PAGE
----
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Onward To The Recycle Bin! (Part XIV) - 68%

OzzyApu, October 28th, 2009

The debut can be seen as an achievement filled with fantastic passages and barbaric riffs to feast on. It wasn’t entirely a proggy black metal album, but the tone necessarily straightforward, either, so it required the listener to absorb every bit of it. Many of the songs on it were rocking black metal tunes, but at heart it could still be considered hard rock. This sophomore effort to me follows in the footsteps of Sigh and Enslaved, showing the band diversifying their bonds. In this respect, we have an album that tries to be something without having to give up its roots. That’s like if Opeth wanted to play indie rock without ditching the death metal aspect – unless you want to overhaul the writing, then its tough shit.

This album doesn’t hold too much value in the riff department, but many of the experimental breaks leave more to the imagination. Kawashima from Sigh handles some keyboard moments, but regardless of who’s playing them they’re some of the most magical and enchanting I’ve ever heard – it puts Lord Of The Rings to shame, really. The first few tracks don’t really offer too much because they sound either rushed or lackluster. An example for the former would be “God Is Rome,” which goes all-out without delivering anything to the listener. In live settings it might be a worthy opener to get everyone in the mood, but listening to it offers nothing in any department of instruments. “Blood Blasted Holy War,” however, puts all excuses aside and knocks you off your feet. The exerting force of Enslaved matches up with Sigh’s expressiveness to deliver a catchy but eerie and numinous track.

Further in you begin to notice how bizarre the disposition becomes, like an uncomfortable dream. You feel like you’re in a different era sometimes, bewildered at your misfortune. The guitar tone isn’t powerful and sports more of a rock tone thanks to the clear but dull production. The riffs themselves begin to sound more and more evil as the longer tracks progress, but over the course of the album its pretty spontaneous (much like the flow)s. Drumming I hardly even noticed until a few tracks in, since they’re very passive and stale. The band fixed the drum bass problem found on the first album and the capabilities of the kit master still hold up in all rhythms, but they’re a bit tedious and don’t really fit with the experimental nature of the album.

Usually I can tell what an album is trying to get out or show the listener, but here its still a tad difficult. The band consists of hard rock members playing black metal – blackened hard rock / heavy metal? Not too inconceivable, since the first album mastered the craft. With this one, it’s kind of a hit or miss deal, especially when most of it is pretty unexciting stuff. A track may have an interesting moment somewhere within, but when its surrounded by music that’s as interesting as a garbage can, then it brings the whole effort to a stalemate.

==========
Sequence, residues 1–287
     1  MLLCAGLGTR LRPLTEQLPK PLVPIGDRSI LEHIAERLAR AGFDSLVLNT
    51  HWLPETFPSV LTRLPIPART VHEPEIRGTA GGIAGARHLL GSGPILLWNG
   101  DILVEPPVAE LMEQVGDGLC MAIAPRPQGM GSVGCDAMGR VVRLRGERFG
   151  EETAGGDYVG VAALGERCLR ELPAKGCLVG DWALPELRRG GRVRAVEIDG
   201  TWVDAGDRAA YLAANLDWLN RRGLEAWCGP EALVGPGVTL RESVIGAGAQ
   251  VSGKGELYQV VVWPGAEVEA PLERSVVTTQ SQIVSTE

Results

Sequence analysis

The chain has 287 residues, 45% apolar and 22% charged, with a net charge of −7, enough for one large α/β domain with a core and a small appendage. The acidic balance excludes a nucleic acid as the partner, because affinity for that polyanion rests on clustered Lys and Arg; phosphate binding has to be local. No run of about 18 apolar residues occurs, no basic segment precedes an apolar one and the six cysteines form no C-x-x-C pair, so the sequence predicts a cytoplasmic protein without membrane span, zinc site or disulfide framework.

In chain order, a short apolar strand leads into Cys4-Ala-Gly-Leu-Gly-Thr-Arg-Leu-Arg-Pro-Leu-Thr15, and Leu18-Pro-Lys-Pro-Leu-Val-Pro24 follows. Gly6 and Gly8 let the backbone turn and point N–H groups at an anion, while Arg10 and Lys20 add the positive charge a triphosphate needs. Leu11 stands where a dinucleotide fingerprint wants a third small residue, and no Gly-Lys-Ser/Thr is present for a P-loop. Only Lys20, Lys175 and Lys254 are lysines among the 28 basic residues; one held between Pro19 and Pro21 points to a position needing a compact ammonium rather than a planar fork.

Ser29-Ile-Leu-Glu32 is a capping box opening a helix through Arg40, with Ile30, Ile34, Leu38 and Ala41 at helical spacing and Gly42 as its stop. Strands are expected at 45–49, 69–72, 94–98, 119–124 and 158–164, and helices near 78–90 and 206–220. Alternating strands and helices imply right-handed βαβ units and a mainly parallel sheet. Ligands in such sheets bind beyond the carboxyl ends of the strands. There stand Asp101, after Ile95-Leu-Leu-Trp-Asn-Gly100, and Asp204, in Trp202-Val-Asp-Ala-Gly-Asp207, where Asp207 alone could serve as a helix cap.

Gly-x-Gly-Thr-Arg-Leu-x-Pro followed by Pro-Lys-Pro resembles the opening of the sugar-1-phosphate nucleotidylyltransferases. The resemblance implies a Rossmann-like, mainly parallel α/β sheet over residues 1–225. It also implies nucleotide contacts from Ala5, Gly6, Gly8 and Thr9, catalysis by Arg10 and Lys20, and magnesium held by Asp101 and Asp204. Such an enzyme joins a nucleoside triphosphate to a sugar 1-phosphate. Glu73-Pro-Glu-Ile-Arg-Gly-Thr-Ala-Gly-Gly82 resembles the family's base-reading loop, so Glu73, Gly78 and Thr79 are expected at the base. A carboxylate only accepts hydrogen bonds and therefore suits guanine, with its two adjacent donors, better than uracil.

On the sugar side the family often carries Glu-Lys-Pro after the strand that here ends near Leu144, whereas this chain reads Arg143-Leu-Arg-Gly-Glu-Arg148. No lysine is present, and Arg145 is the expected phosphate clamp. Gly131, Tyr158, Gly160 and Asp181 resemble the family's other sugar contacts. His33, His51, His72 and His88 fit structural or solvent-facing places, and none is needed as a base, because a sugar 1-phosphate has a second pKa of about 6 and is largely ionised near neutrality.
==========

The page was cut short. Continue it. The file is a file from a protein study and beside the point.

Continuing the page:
Davey on bass sounds pretty gruffy, usually heard and contributing with the rhythm as expected. The album no doubt has that warm atmosphere that hopes to keep you relaxed. There’s no hate or diabolical evil to be found here, but more of the “take a hit and chill” variety. Langton and Davey both come straight from Hawkwind, so expecting full on black metal is laughable. In fact, the moments where many of the relaxing guitar moments like that found in “Sons Of Anak Rise” show the band at their very best. If anything, they should drop the black metal and go straight for executing delicious, melodic, intricate passages such as that one. With guys from Hawkwind on their side, you can bet they can get job done.

“Guts For Sale” is also what I’d call false advertising, delivering the finest keyboard backdrop and a blissful acoustic rhythm. I feel like I’m in the clouds, soaring with Maverick from Top Gun and surfing with Dio down a rainbow. Easily my favorite track on the album because it makes you really feel alive, stands out by being completely different, and just has that inspiring tone that makes you wonder how something so beautiful is coming from a blackened hard rock band.

Vocally, I only like Metatron’s scruffy growls; the screams I’ve heard are from a different member, but the point is that I’m not a fan of them. The growls aren’t beastly like on the debut, but lovable, speech-like, and a bit reflexive like the Cookie Monster. The screams are drowned at a much higher pitch, which to me is a little annoying and useless. The growls handle the front very well without the need of an amateur sounding screams that don’t even sound like anything a black metal vocalist would utilize.

While hard rock is the general approach, you’ll run into some electronic moments, which is pretty much what “On Graven Images…” turns out to be… all >10 minutes of it. I find it to be rather useless and mechanical, as well as just plain boring and childish. Don’t worry about “Book Of Dreams,” it’s pretty much the same deal as “On Graven Images…” but shorter and with more sparse moments of ingenuity.

For an album that has a couple of Meads’ best songs, I don’t think I’m going to keep this one around. Youtube can satisfy my appetites if I care to revisit, but the replayability of this sophomore outing (and the band as a whole) isn’t all that high. They know how to write a song when it comes down to it, but they’re a bit stuck with pleasing too many crowds at once and end up alienating many fans in the process. This bars me from enjoying the whole thing, even though this type of music isn’t my typical deal anyway. I’ll stick to the few tracks I like, but if you’re curious then by all means check it out and give it your verdict. You’re bound to like something on here.